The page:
Sewage problem a weighty issue in urban areas
Posted Thursday, May 27 2010 at 20:13
Only 32 out of Kenya’s 178 local government authorities have a sewerage system.
This means that 142 local authorities around the country lack access to any form of sewerage system and are therefore highly exposed to diseases, according to a report on the link to health and environment.
The report on Kenya’s Situational Analysis and Needs Assessment (SANA) found that 39 per cent of people in rural areas do not have access to proper sanitation comparable to international standards.
Only 58 per cent of Kenyans have access to improved water sources.
Poor sanitation and hygiene and water and air pollution, the study stated, are the major environment factors that pose a health risk to communities.
They contributed heavily to acute respiratory infections, diarrhoea, cancer and malaria, Environment assistant minister Jackson Kiptanui stated.
He said the welfare of Kenyans depended not only on good healthcare services, but also on the quality of the physical, social and the cultural environment they lived in.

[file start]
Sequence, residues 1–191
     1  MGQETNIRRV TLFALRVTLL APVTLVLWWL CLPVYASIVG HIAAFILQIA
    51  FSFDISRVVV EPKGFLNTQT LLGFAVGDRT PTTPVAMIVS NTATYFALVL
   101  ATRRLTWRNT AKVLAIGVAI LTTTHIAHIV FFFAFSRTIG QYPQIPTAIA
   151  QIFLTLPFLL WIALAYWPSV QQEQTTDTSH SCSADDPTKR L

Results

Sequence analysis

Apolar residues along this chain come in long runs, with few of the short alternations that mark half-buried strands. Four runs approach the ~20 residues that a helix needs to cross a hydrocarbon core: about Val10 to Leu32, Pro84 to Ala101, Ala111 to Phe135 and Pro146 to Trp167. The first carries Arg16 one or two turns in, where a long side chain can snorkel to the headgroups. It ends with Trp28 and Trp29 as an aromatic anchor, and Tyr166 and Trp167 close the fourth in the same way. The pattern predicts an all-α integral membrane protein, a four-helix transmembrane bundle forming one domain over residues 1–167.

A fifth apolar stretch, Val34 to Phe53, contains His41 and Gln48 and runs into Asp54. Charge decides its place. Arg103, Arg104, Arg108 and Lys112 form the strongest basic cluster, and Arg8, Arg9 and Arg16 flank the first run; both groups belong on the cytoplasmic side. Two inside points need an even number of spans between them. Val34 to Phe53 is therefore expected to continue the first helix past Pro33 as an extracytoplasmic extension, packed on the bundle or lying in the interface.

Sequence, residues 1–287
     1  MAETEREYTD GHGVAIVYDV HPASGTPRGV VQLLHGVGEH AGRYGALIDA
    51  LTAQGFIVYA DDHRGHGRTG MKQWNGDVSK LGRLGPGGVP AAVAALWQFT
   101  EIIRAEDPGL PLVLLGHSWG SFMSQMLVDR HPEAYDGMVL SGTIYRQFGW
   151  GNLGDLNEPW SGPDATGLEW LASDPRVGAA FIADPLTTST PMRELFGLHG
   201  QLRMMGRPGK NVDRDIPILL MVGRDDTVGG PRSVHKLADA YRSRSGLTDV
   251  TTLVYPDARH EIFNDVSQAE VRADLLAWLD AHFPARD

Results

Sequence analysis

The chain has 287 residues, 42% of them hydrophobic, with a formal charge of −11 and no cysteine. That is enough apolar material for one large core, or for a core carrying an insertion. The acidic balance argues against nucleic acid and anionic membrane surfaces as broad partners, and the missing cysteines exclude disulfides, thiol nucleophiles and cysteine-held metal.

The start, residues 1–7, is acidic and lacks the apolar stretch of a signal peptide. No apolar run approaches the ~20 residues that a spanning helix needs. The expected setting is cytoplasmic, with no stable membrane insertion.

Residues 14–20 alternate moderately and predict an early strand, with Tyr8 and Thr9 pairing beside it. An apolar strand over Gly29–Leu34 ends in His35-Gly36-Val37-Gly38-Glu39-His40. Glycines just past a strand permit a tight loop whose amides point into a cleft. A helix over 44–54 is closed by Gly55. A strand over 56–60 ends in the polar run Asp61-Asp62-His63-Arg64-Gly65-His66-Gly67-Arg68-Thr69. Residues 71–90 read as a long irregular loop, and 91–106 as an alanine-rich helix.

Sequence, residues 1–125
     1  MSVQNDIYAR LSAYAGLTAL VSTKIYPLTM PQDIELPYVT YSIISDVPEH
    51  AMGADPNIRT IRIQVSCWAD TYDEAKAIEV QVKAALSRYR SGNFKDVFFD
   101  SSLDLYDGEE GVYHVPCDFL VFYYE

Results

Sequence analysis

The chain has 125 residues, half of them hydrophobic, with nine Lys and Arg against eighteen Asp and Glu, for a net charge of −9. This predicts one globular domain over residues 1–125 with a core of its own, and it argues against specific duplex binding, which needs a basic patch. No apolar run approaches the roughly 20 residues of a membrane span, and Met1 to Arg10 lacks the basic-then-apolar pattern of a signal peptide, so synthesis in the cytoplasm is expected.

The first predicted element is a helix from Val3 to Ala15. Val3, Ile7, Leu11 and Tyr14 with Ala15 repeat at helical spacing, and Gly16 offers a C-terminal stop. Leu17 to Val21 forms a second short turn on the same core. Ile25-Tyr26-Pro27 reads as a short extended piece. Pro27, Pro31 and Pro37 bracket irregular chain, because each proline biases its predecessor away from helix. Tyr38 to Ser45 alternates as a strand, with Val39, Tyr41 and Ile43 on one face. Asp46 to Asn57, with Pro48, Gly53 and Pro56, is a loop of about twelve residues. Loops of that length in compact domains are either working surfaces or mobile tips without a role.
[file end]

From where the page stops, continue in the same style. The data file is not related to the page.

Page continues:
“Improvement of the environment will ensure that incidents of disease are reduced,” the assistant minister said.
The challenge now is for policy-makers to come up with the right policies and programmes to deal with environmental risks in line with the Libreville Declaration.
The environment and health declaration was signed in Libreville, Gabon, in August 2008, when the signatory countries committed to deal with environment issues that lead to poor human health. A large part of town populations in Africa has poor waste management, the report states.
Waste generation had increased over time, together with its toxic and hazardous nature due to the fast pace of development.
The document rated disease vector, drought, floods and organic pollution of drinking water as high level risks in both rural and town settings caused by natural and human activities.
It said that there was non-coordination in linking all related health sectors and environmental agencies in the country.
The health and environmental sectors, the report recommended, should be harmonised to include a joint plan of action.
Among the environmental risks said to cause high risk medical conditions as a result of human activities is pollution of drinking water.
This, the report indicated, caused outbreaks of cholera and other diarrhoeal diseases in the rural areas and contaminated drinking water and food in towns.